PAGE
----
Thursday, 3 March 2011

Che: Part One (2009) - Steven Soderbergh

The problem with Che is that it doesn’t know whether it’s an historical dramatisation or a history lesson. 

The film comes in two parts, depicting the role of Che Guevara, Fidel Castro’s right-hand-man, during the Cuban revolution.  It takes on two distinct cinematic styles.  Firstly, we have Che at the end of the revolution, dealing with political negotiations.  It’s filmed in black and white with a handheld camera, which, along with the interview voiceover, creates a documentary, factual style.  This provides a framework for the rest of the film, filmed in colour as a dramatisation of the revolution’s events.  The juxtaposition is ineffective, with the main story appearing overly sentimental and the black and white sections seeming cold and overly factual by contrast.  Had Soderburgh chosen one style, the film would’ve been more enjoyable.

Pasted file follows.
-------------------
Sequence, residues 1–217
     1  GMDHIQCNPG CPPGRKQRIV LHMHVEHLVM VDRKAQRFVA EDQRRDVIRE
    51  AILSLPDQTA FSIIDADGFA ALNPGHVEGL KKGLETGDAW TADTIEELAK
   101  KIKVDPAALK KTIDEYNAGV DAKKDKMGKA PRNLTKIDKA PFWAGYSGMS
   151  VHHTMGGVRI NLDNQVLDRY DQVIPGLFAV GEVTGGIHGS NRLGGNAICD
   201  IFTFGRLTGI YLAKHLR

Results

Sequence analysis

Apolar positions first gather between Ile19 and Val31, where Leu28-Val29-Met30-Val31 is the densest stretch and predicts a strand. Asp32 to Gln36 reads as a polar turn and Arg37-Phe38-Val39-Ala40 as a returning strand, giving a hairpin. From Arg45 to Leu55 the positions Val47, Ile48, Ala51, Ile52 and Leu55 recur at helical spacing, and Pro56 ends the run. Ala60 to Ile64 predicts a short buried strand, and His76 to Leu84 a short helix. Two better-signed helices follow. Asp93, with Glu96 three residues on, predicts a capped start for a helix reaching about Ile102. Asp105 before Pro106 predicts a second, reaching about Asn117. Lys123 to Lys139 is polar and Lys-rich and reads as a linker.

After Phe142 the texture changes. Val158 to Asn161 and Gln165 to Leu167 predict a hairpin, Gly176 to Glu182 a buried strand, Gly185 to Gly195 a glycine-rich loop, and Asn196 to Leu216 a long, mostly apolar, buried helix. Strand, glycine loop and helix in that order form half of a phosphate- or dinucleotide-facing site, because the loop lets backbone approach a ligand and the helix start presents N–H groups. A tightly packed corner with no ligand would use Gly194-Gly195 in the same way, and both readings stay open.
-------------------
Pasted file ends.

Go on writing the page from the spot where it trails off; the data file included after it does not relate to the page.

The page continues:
Further, the film consists largely of short scenes and the editing lacks continuity.  As such, the narrative doesn’t flow and feels more convoluted than it should.  Del Toro does a convincing performance, but in general Che lacks characterisation.  Had the film been only one part, the narrative would’ve been more concise, focused and entertaining.

The Cuban revolution is undoubtedly an important part of modern history, but Che is just a bore.  Needless to say, I won’t be watching Part Two.